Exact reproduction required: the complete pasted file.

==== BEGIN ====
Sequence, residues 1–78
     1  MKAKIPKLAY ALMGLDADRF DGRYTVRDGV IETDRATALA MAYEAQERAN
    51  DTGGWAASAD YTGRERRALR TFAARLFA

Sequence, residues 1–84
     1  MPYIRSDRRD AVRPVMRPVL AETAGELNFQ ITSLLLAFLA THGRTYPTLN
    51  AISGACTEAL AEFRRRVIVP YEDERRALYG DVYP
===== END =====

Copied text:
Sequence, residues 1–78
     1  MKAKIPKLAY ALMGLDADRF DGRYTVRDGV IETDRATALA MAYEAQERAN
    51  DTGGWAASAD YTGRERRALR TFAARLFA

Sequence, residues 1–84
     1  MPYIRSDRRD AVRPVMRPVL AETAGELNFQ ITSLLLAFLA THGRTYPTLN
    51  AISGACTEAL AEFRRRVIVP YEDERRALYG DVYP